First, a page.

This session will focus on a core aspect of franchise finance, and to begin with, we see business financing as a path. A borrower must properly be prepared to seek financing, they must connect and engage with lenders that are a match for their specific needs, and stay away from lenders that aren’t a fit. Lenders, for their part, must have access to all the information to underwrite the borrower; and for franchise loans, lenders need to underwrite the brand. BoeFly was established to help borrowers and lenders best navigate this path.

Lenders, as we’ll hear, look at a number of factors to understand the brand. In our opinion, bank credit reports are solving a huge portion of this brand underwriting through an independently prepared comparative analysis report. Because of BoeFly, we have visibility in the lenders and borrowers meeting we can see firsthand that there’s widespread adoption of the BCR in the franchise community, to the benefit of lenders, but also for the brand to more fully understand their own position from a credit risk perspective. In fact, we think it’s so important that we recommend that our BoeFly members become clients and users of the BCR, and we’re happy to announce that these members, through our special relationship with FRANdata, can secure BCR at a discount.

During this session, we’re hearing from top franchisors and lenders who will be giving their perspective on the bank credit report. Let me take a minute to share their names: Jeff Moran of CiCi’s Pizza, Susan Wise of Kiddie Academy, Grayson Brown of Tasti D-Lite; and on the lender side, we have Brian Myers of Chase, Janell Anderson of First Niagara, and Tip Spata of Spirit of Texas Bank. And, to get us started, I’d like to start with Darrell Johnson, who we’re pleased to have us – join us today. Darrell is CEO of FRANdata. And Darrell, get us started, and share your views of the bank credit report.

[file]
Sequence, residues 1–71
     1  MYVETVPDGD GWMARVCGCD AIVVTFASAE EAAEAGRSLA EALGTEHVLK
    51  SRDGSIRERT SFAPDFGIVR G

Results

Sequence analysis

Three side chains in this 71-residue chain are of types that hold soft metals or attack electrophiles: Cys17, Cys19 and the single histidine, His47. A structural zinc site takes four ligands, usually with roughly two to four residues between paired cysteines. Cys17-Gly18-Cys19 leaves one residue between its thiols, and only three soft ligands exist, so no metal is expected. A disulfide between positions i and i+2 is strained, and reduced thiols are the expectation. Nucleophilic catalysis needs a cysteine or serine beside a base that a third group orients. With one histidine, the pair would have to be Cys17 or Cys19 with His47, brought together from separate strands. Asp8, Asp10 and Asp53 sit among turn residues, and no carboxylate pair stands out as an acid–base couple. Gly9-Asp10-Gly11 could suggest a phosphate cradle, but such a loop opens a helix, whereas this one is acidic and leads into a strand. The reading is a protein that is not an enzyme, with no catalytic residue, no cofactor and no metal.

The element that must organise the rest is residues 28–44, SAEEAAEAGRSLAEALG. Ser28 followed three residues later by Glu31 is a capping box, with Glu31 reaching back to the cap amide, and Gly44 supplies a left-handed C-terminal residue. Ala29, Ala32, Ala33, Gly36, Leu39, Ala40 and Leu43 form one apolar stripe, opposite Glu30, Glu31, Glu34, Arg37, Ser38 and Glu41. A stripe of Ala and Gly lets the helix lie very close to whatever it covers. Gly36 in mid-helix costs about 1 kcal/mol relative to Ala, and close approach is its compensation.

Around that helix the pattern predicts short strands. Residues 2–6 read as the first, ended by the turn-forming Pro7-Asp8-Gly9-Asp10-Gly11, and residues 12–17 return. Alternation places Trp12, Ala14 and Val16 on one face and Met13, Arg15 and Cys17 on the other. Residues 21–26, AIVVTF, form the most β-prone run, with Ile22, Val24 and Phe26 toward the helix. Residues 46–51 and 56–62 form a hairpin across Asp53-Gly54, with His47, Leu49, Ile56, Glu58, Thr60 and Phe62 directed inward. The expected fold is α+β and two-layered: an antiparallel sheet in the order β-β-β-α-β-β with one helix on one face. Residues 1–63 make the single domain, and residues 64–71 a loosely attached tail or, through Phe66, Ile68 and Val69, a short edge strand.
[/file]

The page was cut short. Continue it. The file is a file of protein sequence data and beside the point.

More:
Darrell Johnson:
Well thanks, Mike. I’ll give you a three minute history of the bank credit report, which should give perspective to ___ and demand today, and how it’s being used. In the easier credit access base prior to 2008, FRANdata worked with some of the more active and experienced franchise lenders to conduct credit analysis of franchise brands. It was during that time, and with their help, that we honed the content and performance metrics that led to a BCR. After the credit crisis of 2008, virtually all lenders in franchising became more focus on credit risk issues, and that’s when it became important to underwrite not just the franchisee, but brand itself. We can all relate to how little information was necessary to get a home mortgage prior to 2008, and how much information, and how much underwriting banks do now. Well, the same thing holds true for small business lending. Today, you must prove that your brand, as well as your franchisee is creditworthy, and BCR does that.